Berlin in the Year 1924

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Voss, Julius von. Berlin in the Year 1924: (A Comedy in Two Acts). Berlin im Jahn 1924, Lustspiel in 2 Akten. 1824.[1][2] Translator Dwight R. Decker (J.J. Pierce). Decker's translation of Act One is in the volume with his translation of Ini.

According to John J. Pierce[3]

Some details are carried over from Ini, notably the postal service balloons drawn by eagles – only local express mail is shot from guns! But Voss adds others like steam artillery, electric rifles and “cargo whales” as freighters [...]. Such innovations come fast and furious, and a lot sooner than in Ini’s 21st Century. The play also alludes to E.T.A. Hoffmann [... including] an office, perhaps a government bureau, staffed with automatons which, like the one in Hoffmann’s “The Sand-Man,” can be mistaken for human – but they can run down.[...]
On a more sober note, a woman beggar reveals that poverty is rife – machines have eliminated traditional jobs, from excavation to sewing. And “epidemic bombs” are the latest weapons of war. (Pierce p. 62)

So see, if available, for early automata (and robots), and labor in a time of mechanization and automation — dealt with lightly, but dealt with.


In the selection in Decker's Ini translation, one can see the beggar woman and hear, so to speak, her complaints about job loss to "mechanical shovels" and "sewing machines" (p. 154). There is also a farmer on a "steam plow" and clarification that "telegraph" definitely means "semaphore" system (pp. 154 and 155). A class system is firmly in place in a larger hierarchy, with a Whaler visiting from the city of Polaria at the North Pole doffing his cap to a young "gentleman of some importance" (p. 159) and casually noting that in his community the "cargo whales" are rendered obedient with "bridles and spiked whips" (p. 158). The young gentleman in turn casually shoots a crow at long distance with no indication that he's eliminated a pest or will pick up the corpse — although the young man does have a "game bag": he's just showing off his electrically-activated shotgun. In an interesting question of tone, the young gentleman tells the Whaler about his "Telescopic spectacles" and personal lightning rod. The spectacles allow one to "see for miles" during the day and at night "see the mountains and valleys of the Moon and the satellites of Jupiter." For technology and hierarchy, and a definite question of tone and attitude, the young aristo adds that "[...] pretty girls don't like it when you look at them through the spectacles because enlarging them doesn't do them any credit" (p. 157), an idea arguably handled with more nuance in Gulliver among the Brobdingnagians in J. Swift's Gulliver's Travels (1726).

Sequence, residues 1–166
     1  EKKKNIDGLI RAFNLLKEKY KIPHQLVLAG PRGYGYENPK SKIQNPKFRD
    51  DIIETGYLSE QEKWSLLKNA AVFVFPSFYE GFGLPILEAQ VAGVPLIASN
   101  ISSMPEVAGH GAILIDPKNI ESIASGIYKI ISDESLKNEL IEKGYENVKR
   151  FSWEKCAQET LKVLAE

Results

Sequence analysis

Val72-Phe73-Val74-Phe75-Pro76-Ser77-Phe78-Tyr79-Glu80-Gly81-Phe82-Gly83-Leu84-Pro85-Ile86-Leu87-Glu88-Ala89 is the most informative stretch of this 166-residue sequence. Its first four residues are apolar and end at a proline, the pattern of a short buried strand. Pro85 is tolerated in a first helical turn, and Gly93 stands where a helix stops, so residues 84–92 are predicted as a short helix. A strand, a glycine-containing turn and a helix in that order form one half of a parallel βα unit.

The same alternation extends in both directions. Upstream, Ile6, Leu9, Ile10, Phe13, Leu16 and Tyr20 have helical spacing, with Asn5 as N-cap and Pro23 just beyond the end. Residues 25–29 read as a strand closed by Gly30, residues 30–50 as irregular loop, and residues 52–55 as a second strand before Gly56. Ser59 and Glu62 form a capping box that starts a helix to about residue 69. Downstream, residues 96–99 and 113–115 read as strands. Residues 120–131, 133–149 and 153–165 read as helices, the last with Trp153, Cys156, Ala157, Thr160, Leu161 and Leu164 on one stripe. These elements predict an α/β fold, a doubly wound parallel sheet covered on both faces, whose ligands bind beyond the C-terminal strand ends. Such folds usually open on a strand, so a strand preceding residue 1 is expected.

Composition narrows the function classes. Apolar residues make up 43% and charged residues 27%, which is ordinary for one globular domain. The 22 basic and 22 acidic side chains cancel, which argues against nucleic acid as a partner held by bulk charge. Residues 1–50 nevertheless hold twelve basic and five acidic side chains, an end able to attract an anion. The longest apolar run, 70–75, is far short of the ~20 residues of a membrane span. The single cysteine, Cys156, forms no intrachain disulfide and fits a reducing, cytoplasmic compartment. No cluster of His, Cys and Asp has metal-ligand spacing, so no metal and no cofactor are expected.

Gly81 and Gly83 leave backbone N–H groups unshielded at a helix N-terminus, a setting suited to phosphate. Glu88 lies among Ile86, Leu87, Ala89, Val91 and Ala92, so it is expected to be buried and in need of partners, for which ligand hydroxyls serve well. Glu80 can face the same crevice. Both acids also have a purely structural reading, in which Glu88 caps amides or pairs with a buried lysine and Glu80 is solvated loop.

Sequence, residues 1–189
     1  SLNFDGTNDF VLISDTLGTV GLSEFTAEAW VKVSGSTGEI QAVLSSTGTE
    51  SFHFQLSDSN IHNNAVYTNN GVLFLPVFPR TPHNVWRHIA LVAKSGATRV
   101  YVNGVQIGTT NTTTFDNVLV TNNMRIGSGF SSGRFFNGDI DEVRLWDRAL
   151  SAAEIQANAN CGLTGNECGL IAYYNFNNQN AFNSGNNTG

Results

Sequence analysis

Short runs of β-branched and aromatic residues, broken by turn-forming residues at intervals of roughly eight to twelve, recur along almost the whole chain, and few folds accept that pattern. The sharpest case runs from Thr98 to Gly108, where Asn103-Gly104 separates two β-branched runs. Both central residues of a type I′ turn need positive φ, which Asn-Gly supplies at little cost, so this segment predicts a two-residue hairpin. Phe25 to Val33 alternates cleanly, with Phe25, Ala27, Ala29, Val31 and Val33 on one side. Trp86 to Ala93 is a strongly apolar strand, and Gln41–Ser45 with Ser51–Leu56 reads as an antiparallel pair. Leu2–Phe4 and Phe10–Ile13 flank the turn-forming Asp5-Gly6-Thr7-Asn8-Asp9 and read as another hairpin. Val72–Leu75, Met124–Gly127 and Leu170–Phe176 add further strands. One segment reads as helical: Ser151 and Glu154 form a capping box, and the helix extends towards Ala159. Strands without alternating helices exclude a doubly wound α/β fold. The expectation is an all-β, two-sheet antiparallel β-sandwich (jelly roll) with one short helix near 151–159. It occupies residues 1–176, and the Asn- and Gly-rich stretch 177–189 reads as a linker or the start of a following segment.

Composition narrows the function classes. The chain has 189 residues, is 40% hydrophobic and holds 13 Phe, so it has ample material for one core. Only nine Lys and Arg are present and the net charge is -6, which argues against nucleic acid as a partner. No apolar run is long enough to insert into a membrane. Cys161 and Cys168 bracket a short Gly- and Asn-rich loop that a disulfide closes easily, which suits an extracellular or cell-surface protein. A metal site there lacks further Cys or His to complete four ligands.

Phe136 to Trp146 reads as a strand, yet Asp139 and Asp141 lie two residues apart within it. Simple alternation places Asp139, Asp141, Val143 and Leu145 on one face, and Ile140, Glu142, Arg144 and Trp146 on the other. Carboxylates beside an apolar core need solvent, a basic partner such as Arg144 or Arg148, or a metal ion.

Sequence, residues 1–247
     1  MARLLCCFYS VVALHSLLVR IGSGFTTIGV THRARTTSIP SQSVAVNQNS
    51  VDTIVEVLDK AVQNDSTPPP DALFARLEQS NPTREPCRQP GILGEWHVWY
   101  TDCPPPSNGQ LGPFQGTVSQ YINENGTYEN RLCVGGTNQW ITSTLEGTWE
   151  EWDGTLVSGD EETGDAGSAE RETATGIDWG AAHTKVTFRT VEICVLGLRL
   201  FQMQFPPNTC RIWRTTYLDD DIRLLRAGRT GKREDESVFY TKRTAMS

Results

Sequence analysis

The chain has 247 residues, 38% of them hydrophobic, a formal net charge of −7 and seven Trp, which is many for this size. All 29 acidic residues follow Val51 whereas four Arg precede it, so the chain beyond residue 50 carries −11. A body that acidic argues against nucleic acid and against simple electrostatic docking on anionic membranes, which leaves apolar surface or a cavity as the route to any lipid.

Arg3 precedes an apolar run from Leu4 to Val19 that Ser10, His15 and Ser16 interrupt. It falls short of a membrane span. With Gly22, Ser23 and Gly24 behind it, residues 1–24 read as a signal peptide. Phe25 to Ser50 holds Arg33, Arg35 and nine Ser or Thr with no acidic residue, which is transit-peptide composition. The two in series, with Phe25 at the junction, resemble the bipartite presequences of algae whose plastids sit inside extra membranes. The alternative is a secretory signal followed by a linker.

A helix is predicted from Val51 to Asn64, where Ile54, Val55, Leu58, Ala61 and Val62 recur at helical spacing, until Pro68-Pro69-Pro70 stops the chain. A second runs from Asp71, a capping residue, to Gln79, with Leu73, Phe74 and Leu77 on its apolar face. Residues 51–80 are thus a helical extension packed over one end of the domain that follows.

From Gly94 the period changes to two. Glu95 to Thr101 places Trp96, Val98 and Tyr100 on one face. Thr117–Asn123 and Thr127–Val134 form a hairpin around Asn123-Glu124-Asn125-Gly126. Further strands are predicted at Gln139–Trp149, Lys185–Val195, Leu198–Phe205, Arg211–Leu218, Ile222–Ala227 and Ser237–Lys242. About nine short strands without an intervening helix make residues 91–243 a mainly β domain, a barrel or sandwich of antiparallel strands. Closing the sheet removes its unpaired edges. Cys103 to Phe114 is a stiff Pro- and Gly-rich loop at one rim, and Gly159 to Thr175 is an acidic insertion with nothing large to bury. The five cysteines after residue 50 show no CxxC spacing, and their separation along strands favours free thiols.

RDE, with thanks to J. J. Pierce, 16May20; 20Sep21